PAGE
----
If it is true that most of American politics has been marked primarily by religious arguments, how are such claims to be evaluated by those who recognize their legitimacy? Ought religious arguments be permitted in defense of prohibition? Why or why not? Ought religious arguments be permitted in defense of the civil rights movement? Why or why not? While religious arguments are constantly explicitly and implicitly invoked in American politics, it is extraordinary that we have developed almost no theological-political basis on which to evaluate such claims.
In fact, I would suggest that there are only four arguments regularly used—and their inadequacy shows the depth of the problem. The first argument is that religious claims in politics must be rejected because introducing absolute religious claims into the political realm necessarily destroys politics. This is because religious claims end the political debate because they are unanswerable. Abortion is murder, God says so, it must be banned. Gadaffi is a tyrant who massacres his people, he must be removed. The poor are hungry, God says they must be fed, so they must be fed. Claims about human dignity and God’s righteousness demand action. Theology consumes the political in its righteous cause.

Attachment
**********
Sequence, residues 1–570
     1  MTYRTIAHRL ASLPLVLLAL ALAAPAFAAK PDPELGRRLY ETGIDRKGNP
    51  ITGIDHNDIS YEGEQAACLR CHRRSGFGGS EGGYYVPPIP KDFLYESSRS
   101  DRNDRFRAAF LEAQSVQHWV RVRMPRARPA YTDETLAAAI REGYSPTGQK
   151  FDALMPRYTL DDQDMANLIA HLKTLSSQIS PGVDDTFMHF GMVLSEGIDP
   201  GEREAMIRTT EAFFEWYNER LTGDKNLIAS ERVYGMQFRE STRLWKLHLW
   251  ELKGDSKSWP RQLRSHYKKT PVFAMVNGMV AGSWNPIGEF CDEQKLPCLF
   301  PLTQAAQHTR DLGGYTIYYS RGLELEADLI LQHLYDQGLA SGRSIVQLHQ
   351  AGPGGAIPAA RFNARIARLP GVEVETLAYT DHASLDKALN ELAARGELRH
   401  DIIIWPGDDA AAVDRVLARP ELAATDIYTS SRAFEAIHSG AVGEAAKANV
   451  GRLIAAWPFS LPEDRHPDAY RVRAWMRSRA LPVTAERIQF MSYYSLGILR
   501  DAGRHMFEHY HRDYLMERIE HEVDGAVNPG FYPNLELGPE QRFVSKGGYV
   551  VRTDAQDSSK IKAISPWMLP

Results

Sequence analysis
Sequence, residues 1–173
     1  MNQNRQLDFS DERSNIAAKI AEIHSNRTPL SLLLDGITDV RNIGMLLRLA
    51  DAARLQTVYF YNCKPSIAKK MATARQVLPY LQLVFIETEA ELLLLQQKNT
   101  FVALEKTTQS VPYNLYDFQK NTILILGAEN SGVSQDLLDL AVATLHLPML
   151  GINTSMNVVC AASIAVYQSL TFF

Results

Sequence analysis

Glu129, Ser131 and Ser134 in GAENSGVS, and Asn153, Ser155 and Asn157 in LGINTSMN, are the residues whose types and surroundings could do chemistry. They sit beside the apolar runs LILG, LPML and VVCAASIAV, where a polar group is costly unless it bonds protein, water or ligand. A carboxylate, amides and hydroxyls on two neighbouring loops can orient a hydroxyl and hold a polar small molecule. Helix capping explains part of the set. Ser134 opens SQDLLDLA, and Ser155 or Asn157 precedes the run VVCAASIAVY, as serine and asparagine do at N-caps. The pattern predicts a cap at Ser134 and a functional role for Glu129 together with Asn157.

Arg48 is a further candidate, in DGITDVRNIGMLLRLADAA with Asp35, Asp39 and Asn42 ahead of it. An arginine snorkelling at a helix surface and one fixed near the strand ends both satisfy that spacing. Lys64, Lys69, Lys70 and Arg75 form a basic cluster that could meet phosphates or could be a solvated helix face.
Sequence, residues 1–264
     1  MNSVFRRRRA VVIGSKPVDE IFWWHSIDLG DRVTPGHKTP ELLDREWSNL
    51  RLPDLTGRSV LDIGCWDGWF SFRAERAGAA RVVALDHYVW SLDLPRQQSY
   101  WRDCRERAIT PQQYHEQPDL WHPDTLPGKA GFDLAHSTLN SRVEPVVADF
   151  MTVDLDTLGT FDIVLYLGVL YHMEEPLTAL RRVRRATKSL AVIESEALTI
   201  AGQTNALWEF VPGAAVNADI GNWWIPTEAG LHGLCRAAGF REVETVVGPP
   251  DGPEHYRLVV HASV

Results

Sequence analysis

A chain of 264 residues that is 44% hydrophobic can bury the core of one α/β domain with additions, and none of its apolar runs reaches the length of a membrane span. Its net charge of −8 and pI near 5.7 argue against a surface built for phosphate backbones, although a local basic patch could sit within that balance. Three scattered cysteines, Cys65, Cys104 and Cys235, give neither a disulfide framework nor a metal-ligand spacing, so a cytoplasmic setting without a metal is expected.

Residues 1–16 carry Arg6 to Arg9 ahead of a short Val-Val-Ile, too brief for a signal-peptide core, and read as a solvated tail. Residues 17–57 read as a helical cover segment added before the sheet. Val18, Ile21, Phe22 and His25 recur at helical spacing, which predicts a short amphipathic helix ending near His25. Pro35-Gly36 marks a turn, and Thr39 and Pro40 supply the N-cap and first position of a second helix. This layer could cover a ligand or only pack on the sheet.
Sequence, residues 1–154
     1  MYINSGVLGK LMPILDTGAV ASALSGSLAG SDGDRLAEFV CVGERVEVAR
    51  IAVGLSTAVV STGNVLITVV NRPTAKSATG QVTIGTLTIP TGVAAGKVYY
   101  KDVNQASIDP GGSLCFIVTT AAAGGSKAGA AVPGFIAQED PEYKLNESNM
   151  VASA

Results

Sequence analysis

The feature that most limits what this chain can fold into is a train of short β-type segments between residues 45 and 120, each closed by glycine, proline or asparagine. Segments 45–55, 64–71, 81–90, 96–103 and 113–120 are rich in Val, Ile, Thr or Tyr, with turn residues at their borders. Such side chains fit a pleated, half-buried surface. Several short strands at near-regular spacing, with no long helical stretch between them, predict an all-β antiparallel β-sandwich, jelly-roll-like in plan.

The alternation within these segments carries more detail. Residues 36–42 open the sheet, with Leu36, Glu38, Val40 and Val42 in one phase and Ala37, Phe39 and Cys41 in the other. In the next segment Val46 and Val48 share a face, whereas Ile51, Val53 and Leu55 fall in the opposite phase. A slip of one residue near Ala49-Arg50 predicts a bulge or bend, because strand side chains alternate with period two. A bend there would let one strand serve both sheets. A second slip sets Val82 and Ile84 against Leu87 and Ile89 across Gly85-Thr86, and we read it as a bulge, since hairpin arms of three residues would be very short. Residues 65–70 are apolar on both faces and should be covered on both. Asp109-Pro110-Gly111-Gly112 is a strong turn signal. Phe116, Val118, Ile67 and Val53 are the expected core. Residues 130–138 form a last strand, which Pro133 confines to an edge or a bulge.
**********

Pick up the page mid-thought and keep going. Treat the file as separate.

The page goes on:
Thus, the historical narrative goes, Christendom was being torn apart by competing religious claims in the political sphere. As Mark Lilla put it, Christianity’s “inner ambiguities produced endless doctrinal differences over spiritual and political matters that rendered medieval European life increasingly intolerant, dogmatic, fearful and violent.” It is only with the enlightened realism of liberal political theorists that politics was freed from its theological shackles and the peace and stability of the modern age became possible. Religious claims must be excluded from politics altogether if politics is to be possible.